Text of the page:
We went for a hike yesterday, on Victoria Day. It was a gorgeous holiday Monday, and the first solid taste of Spring warmth that we’ve had, with April and May being cold and wet thus far. We went with great friends of ours, so we had three kids with us, all in the four to seven age range. And as with most situations as a parent, some teachable moments presented themselves.
The conservation area that we went to was very busy, full of crowds of people, dogs, and picnic baskets. We hiked along the trail, admiring the views, and listening to the chatter of our children as they ran back and forth, finding walking sticks and leaves, weeds and wildflowers. We searched for chipmunks, talked about the plants lining the path, and stopped for a picnic lunch under the shade of a tree. The ultimate destination of our hike was a waterfall, which made for great motivation to keep little legs moving forward and not lagging behind.
The trail led us towards a lookout platform, whereby we could see dozens of people at the base of the waterfall, sticking their feet in the cool water of the stream and admiring the force of the water as it cascaded down. “Let’s see if we can get down there,” we agreed. The kids were anxious to explore, and when I had read about this spot online, people talked about the ability to get up close and walk behind the falls. It was something I’d mentioned to our children in the car on the way there, and that adventure was a big reason that they were so excited.
We continued along the path toward where we thought the access point to the base would be; but when we got there, we found that a black metal fence surrounded the entire area, and the stairs that led to the base of the gorge were roped off. “No fence jumping” yellow signage was everywhere, and “Danger: stairs are unsafe” was clearly marked behind the double-barricade at the staircase entrance.
“We can’t go down there after all,” we told the kids. “It’s not safe, and look at the signs.” Yet as we explained the whys and why-nots to our disappointed crew, we watched dozens upon dozens of people jump the fence and go around the barricades. The pathway that they walked, along the outside of the “no fence jumping” fence, was no wider than two feet across in some areas and traced the edge of the gorge’s 79-foot dropoff. My heart raced as I saw women in wobbly high heels and preschoolers holding their parent’s hands trek precariously along this narrow route and down the “Danger: unsafe stairs” to the waterfall’s base. There was a steady stream of people doing this, and we were the clear minority by choosing not to.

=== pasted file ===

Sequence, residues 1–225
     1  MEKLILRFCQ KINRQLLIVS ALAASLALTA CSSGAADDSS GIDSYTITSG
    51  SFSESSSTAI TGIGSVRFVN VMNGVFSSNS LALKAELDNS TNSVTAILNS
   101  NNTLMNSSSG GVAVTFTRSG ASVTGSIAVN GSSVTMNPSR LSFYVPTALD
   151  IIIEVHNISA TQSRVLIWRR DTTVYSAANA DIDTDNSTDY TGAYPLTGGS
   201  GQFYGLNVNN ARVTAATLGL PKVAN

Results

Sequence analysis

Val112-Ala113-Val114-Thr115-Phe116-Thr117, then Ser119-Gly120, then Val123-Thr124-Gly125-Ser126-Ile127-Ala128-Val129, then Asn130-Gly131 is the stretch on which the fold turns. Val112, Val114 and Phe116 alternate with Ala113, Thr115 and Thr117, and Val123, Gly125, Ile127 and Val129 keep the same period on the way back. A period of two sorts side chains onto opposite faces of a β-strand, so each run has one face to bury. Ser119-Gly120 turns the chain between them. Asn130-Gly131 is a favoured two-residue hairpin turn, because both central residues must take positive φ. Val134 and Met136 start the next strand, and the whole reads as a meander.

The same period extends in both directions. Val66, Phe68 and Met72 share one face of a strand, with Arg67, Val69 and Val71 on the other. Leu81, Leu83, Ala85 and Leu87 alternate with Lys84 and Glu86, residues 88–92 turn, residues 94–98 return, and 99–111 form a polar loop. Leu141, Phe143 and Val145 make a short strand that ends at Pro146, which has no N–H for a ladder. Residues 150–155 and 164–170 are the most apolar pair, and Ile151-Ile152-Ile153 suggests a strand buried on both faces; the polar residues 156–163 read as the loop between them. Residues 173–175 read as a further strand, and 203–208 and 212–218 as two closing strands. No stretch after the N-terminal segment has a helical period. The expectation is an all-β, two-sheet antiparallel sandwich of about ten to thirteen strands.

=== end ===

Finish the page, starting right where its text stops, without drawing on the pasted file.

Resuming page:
To their credit, the kids took this turn of events well. They were mostly content to watch from the lookout, to have a snack by the bridge, and to climb trees. But my seven-year-old did press the issue, and I found myself in a “I need to handle this well” parenting moment. He’s an adventurous, curious boy who loves nature and exploring, and to miss the chance to go behind a waterfall when hundreds of others were doing it right in front of him was a hard lesson to learn.
In hindsight, I’m sure he and I could’ve made the trek down safely, and I bet some of you are questioning why I didn’t let him have that chance.
It’s because I don’t think that was the right lesson to teach.